Finally, it doesn’t matter what you think caused the problem. The warranty won’t be honored unless the manufacturer believes it was their responsibility. That means you’ll have to ship the part and wait for the results. Don’t risk trying to sneak a quick prop strike through as a faulty crankshaft or run the mixture extra lean, making a few shock-cooling dives to the airport and then call it faulty cracking cylinders. The manufacturer has the right to prove it’s their problem, and the warranty says that!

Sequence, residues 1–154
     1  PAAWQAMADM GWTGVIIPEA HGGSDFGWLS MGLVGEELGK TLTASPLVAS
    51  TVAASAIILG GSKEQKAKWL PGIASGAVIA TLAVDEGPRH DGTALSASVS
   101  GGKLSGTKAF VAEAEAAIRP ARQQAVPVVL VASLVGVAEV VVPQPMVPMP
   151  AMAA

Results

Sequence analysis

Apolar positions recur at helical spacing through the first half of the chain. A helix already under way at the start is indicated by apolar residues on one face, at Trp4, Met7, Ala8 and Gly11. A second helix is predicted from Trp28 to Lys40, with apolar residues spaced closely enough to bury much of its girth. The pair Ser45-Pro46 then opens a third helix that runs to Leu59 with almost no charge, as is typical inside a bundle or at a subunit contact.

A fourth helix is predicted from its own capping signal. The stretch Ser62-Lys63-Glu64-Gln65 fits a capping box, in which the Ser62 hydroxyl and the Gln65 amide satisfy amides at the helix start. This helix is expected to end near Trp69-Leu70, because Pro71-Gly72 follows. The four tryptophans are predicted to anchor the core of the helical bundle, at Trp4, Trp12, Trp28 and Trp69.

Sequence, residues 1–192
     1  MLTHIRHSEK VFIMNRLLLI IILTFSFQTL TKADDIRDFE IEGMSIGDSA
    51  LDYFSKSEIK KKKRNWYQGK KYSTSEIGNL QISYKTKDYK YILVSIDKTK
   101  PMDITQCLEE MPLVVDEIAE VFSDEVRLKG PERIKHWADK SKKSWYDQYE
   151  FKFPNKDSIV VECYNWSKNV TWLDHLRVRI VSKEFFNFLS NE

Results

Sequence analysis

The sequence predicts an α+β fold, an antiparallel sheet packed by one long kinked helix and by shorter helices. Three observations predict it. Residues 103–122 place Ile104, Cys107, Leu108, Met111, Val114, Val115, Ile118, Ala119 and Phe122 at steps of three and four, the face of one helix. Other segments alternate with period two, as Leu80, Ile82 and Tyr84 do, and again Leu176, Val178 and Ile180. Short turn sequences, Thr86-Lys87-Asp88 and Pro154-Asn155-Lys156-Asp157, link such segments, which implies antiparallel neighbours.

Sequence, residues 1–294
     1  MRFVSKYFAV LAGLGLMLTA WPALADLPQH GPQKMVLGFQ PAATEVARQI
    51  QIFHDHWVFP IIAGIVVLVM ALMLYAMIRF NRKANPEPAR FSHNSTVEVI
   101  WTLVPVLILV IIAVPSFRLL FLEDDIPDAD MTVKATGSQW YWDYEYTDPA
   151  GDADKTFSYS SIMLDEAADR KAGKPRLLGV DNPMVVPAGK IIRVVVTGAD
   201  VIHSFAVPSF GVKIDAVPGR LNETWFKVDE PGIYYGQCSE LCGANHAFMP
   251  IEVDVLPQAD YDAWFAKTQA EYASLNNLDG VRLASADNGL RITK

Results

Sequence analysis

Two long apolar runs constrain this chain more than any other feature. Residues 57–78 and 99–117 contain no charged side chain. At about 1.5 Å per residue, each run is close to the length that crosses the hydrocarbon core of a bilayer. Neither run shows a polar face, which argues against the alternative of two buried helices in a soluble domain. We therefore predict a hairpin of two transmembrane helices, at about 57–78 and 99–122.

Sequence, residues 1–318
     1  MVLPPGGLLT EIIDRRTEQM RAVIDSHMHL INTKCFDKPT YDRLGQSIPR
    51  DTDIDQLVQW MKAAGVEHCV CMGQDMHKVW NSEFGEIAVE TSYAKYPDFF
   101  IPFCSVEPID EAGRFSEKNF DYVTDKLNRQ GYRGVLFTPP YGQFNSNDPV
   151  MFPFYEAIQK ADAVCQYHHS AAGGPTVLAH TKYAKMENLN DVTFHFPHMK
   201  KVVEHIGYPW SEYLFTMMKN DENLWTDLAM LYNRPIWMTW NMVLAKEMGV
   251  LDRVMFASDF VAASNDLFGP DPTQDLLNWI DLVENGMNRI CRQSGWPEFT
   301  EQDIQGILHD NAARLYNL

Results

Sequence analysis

What’s actually covered?
How long is the warranty? Is it based on hours or years?
Can I choose my own mechanic?
Is the cost of diagnostics covered?
Is the labor to make the repair or replacement covered?
Will the factory need to make the repair?
If the component has to be shipped to the factory, who pays for transportation?